A protest party in Iceland which advocates 35-hour working weeks, the loosening of drug regulation and a drastic rethink of copyright law is now comfortably the most popular political group in the country, according to new polling results.
The Pirate Party was founded by a group of activists, poets and hackers in 2012 as an extension of the international movement of the same name.
It managed to win three of the 63 seats in Iceland’s parliament, the Alþingi, at the last election in April 2013 – and is now polling at 37.8 per cent, a huge figure for the country’s fragmented political scene.
According to polling company MMR, it increases the party's lead on both current coalition parties, Independence and Progressive, which command just over 30 per cent combined.
And while the group has been topping polls since April last year, the Pirate Party has never seemed nearer to the real prospect of taking power in the country, which was so decimated by the 2008 global economic crash.
The party is so radical that it does not even nominally have a leader, though former Wikileaks spokeswoman and now founding MP Birgitta Jonsdottir tends to speak for it in public.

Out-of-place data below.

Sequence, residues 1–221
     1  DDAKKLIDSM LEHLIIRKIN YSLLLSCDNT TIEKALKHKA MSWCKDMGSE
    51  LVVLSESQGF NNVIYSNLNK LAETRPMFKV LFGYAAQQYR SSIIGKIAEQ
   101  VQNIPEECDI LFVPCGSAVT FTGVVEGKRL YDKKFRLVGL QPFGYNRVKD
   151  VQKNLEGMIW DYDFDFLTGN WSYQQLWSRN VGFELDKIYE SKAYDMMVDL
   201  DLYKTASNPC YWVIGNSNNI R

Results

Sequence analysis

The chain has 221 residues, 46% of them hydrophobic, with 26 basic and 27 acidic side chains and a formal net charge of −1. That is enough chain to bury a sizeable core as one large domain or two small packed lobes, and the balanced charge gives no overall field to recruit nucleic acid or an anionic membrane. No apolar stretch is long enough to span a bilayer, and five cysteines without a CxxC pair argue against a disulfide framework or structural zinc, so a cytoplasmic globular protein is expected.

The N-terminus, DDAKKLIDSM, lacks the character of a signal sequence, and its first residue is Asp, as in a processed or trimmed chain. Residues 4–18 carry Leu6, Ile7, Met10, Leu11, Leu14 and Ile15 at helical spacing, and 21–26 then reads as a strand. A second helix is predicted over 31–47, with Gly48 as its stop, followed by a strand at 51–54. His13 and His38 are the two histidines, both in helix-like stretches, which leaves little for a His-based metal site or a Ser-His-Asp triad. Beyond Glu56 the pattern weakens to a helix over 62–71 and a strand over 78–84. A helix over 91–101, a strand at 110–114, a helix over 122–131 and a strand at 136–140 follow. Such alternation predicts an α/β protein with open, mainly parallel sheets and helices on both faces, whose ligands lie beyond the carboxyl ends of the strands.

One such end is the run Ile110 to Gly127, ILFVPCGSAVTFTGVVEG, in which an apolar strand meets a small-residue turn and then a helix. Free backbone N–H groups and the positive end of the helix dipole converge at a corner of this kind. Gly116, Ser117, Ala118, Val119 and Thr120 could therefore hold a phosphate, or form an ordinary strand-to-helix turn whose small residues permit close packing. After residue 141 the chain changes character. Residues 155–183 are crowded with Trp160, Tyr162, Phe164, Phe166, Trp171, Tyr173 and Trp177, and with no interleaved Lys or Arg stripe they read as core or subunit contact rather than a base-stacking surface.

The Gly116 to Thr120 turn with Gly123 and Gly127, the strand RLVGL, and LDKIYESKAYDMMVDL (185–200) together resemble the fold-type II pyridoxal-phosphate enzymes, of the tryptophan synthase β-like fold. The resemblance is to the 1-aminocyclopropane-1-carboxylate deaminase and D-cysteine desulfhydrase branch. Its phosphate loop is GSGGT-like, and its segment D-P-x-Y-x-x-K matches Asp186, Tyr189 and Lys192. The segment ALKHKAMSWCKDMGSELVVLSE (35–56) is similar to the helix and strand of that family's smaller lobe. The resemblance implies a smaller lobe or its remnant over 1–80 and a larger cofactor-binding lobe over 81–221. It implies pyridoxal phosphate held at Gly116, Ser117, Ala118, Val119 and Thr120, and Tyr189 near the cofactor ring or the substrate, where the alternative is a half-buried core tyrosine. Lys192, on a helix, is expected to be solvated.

Speaking about the Pirate Party’s recent surge in the polls, she has cited the government’s decision in March last year to abruptly withdraw from plans to join the EU as causing widespread dissatisfaction on the island.
But she told the Australian Financial Review: “I don't think there's any one explanation for our popularity. People are obviously tired of being promised the world ahead of elections, only to see political parties negotiate among themselves and back away from their promises.”
Ms Jonsdottir has said in Icelandic media interviews that the party stands for more than just its vague founding ideals based on fostering creativity and better education.
She told the Reykjavik Grapevine late last year that the group wants to see banks completely separate their investment and commercial arms, accusing the coalition of “leading us into a new financial danger zone with the same old banking structures”.
The group also advocates a new form of direct democracy to “build bridges between the general public and those they trust to serve them”, though the exact mechanism of that remains unclear.
And the Pirate Party is also realistic that its huge popularity in the polls may not equate to trust from voters when it comes to the next parliamentary election in 2017.
“That’s too optimistic,” Birgitta told AFR. “But our support has forced other parties to take a closer look at themselves.”